With many investment categories currently down for the year, now could be an ideal time to rebalance your portfolio. If you’re a casual investor, you may have heard about rebalancing, wondered what it means, and questioned whether it applies to your situation. In this column we will cover the basics of rebalancing and also investigate whether your investments require it.
Rebalancing is the process of evaluating your stock and bond investments to determine whether they have moved significantly from your original targets. If so, you perform trades in your various accounts in a tax-efficient manner to return to your original design. Through the process of rebalancing, you ensure that your investments are aligned with your goals while taking an appropriate level of risk. If you simply leave your investments alone year after year, you may be taking much more risk than is appropriate for your situation.
To cite an extreme example, imagine a portfolio invested 70 percent in stocks and 30 percent in bonds at the beginning of 2009. If you just left the investments alone, your portfolio is now 86 percent in stocks and 14 percent in bonds because stocks have appreciated at a much greater rate than bonds. This is the good side of leaving your portfolio alone! Of course, we are in the longest bull market in history so it makes sense to see how your portfolio would perform during a bad bear market, such as the Great Recession ten years ago.
Severe bear markets in the past have resulted in US stocks declining by 50 percent. If you have $100,000 in that 70 percent stock portfolio it would decline by about $35,000, while that 86 percent stock portfolio would decrease by $43,000. If that doesn’t seem like much of a difference, consider that after such a bear market the first portfolio must appreciate 54 percent to get back to your original $100,000, while the second “leave-it-alone” portfolio needs to increase 75 percent.
Assuming you agree that rebalancing is a good idea, how should you go about implementing it? Your mutual fund investments may already do this on their own. If you’re invested in a target date retirement fund, this is already covered for you. The whole point of these funds is to programmatically invest you in an asset allocation designed to maximize your retirement benefit at an appropriate level of risk. The target funds rebalance automatically. Though I would recommend that you understand how aggressive your fund is by looking it up on Morningstar or another resource as different fund companies have different philosophies about how much risk you should be taking at your age.
Key to rebalancing is a personal investment policy statement that details how much you should be invested in stocks and bonds, and how often you should rebalance. In its simplest form, it could state 70 percent in stocks and 30 percent in bonds, with a rebalance planned every 12 months. More complex versions may get down to targets for smaller asset classes, such as US small company and international emerging market stocks.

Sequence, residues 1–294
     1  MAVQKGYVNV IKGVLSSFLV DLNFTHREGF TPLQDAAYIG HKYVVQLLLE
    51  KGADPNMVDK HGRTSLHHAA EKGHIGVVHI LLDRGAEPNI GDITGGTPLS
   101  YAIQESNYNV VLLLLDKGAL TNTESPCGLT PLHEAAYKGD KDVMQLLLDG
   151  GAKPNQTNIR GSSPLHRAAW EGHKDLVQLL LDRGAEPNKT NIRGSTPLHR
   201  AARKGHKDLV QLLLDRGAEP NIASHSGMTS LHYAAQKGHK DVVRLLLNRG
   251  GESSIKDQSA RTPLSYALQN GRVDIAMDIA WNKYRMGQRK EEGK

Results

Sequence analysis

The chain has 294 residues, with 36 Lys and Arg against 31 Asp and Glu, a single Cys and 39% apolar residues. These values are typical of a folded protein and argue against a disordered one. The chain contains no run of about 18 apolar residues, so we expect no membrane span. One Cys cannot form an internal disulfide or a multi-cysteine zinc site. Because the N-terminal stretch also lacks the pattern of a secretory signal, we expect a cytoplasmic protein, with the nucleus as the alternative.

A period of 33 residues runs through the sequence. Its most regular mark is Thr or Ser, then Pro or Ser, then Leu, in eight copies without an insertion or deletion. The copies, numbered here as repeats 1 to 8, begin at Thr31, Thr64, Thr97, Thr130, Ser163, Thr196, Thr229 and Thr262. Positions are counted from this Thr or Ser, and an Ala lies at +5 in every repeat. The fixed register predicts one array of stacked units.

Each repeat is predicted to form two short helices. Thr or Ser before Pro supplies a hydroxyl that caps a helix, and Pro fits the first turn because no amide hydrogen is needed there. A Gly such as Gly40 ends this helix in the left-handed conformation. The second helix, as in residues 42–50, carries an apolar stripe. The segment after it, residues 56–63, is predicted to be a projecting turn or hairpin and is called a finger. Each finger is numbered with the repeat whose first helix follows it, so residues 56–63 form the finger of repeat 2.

With a target stock and bond mix in place, evaluate your different investment accounts including all retirement funds to consider your current allocation. An old-fashioned spreadsheet could do the trick or use analysis tools at the investment firms you use today as many consider funds held with different investment companies. With these tools, you can see whether you need to increase stocks or bonds (or the smaller asset classes) to reach your target.
Let’s assume that your portfolio has grown to 75 percent in stocks from a 70 percent target. How should you go about reducing this holding? If you have a taxable investment account outside of a retirement plan, most likely you will not want to sell stocks in that account because you will generate a capital gain, meaning taxes paid on your profits. Instead look to those accounts where buying and selling does not have immediate tax ramifications. Retirement plans such as 401(k) and 403(b) plans, as well as traditional and rollover IRAs, Roth IRAs, and variable annuities allow you to rebalance without a tax hit.
With all of these steps, you may have rightly concluded that rebalancing can be a chore! How often should it be done? In all but the most extreme markets, studies suggest the right interval is about once a year. This has the added benefit that if you must sell investments in your taxable account, you benefit from long term capital gains tax treatment, which means a smaller bill come tax time.